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Response to the commentary 'Pooled indices to measure rheumatoid arthritis activity: a good reflection of the physician's mind'

The February issue of Arthritis Research & Therapy included a commentary by Aletaha [1] on a recent report from our group [2].

First, Aletaha states that evaluation of the 'physician's mind' is best performed in a study setting in which the physician is unaware that their clinical decision is part of the investigation. It should be noted that the analysis we reported [2] was a post hoc analysis on a cohort of patients with rheumatoid arthritis (RA) who began infliximab therapy within the context of an expanded access programme, and in which infliximab therapy was provided for free until reimbursement in 2002. In the initial protocol it was pre-specified that, from week 30 onward, patients with insufficient response to the therapy could receive an extra vial at each infusion. This decision had to be taken at week 22 and was based on the treating rheumatologist's appreciation of the patient's condition and disease activity. Because the analysis presented in our report was not planned for in the initial protocol, a post hoc amendment to the initial protocol for our analysis was approved by the ethical committee in 2004. Thus, at the time of the study, the physicians were unaware that their behaviour would be evaluated in a separate analysis.

Second, we should like to clarify that the components of the American College of Rheumatology (ACR) core set response score and the Disease Activity Score (DAS28) were known to the treating physician, but not the calculated values of the ACR core set response score and DAS28.

A third issue highlighted by Aletaha [1] and by Van Riel and Fransen [3] is that in our study more than 50% of patients did not receive a dose increase, even though those patients had a DAS28 score greater than 3.2, indicating moderate or high disease activity. It can therefore be questioned why physicians 'neglected' to treat their patients more aggressively. It should be noted that the patients included in the study had long-standing destructive disease (median disease duration 10 years) and had previously failed to respond to aggressive therapy, as reflected by a failure to respond to a median of four disease-modifying antirheumatic drugs. Infliximab therapy was for most patients the final therapeutic option at the time of the study, and for such individuals and their physicians moderate disease activity was acceptable, representing an improvement over their previous state. Sokka and Makinen [4] recently suggested that when more treatment options become available, lower levels of RA disease activity will be required. Also, it should be mentioned that the study was a reflection of real life practice for an important number of rheumatologists, because about half of all Belgian rheumatologists were involved in this large multicentre study.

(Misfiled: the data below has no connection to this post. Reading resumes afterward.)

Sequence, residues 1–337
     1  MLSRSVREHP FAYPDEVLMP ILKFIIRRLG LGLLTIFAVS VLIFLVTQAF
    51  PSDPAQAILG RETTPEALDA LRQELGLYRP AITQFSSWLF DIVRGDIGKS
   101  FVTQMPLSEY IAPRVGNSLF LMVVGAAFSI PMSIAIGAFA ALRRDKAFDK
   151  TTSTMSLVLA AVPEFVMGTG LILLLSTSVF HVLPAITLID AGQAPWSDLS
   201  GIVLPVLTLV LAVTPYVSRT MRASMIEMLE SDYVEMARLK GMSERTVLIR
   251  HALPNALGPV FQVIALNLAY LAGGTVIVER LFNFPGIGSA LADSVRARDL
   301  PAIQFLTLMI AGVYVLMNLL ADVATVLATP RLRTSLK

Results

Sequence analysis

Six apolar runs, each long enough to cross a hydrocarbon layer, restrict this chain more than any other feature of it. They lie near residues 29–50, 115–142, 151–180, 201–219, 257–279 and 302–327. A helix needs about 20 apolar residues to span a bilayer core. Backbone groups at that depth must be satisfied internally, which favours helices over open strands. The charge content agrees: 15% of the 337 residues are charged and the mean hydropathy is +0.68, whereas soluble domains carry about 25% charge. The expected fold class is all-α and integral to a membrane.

Aletaha [1] also suggests that the DAS28 score places undue emphasis on erythrocyte sedimentation rate (ESR), and thus it may misrepresent disease activity in the lower ranges [2, 5, 6]. We evaluated coefficients and weighting of the DAS28 score by means of a discriminant analysis. The coefficients obtained by discriminant analysis were similar to the coefficients of the DAS28. A 20% difference was observed for the coefficient of ESR (Table 1), suggesting that ESR might be slightly over-weighted in the DAS28. In our study, this difference in weight of the ESR did not induce a significant difference between the discriminant score and the DAS28. The absolute difference between the discriminant score and the DAS28 was similar in the higher and the lower ranges of disease activity.

Table 1 Coefficients of the DAS28-ESR versus the coefficients of the discriminant score obtained in the study

Finally, we agree that the different DAS variants may have strengths in specific situations. In our analysis, we found that the DAS28-ESR correlated slightly better with the decision to give a dose increase than the other 28 joint count disease activity scores, including Simplified Disease Activity Index (SDAI) and Clinical Disease Activity Index (CDAI). This appears to contradict the findings of Soubrier and coworkers [7], who found that the SDAI performed better than the DAS28-ESR. An important difference between that study and ours is that our study was multicentre and that reported by Soubrier and coworkers was a monocentre study. In a monocentre study, it is intuitive that the SDAI will correlate better with the physician's decision than the DAS28 because the SDAI includes the physician's global visual-analogue scale (VAS). In contrast, in a multicentre study the physician's global VAS may be subject to interobserver and intercentre variability. These sources of variability may explain why the SDAI performed slightly worse than the DAS28 in our multicentre study; the DAS28 does not include the physician's global VAS and weights the swollen joint count lower than the SDAI.

To conclude, the analysis that we performed supports the validity of the DAS28 score for measuring disease activity in the follow up of RA patients undergoing anti-tumour necrosis factor treament. Variants of the DAS28 have been described, and each variant may have pros and cons in certain situations.


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Correspondence to Bert Vander Cruyssen.

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Vander Cruyssen, B., Durez, P., Westhovens, R. et al. Response to the commentary 'Pooled indices to measure rheumatoid arthritis activity: a good reflection of the physician's mind'. Arthritis Res Ther 8, 406 (2006).

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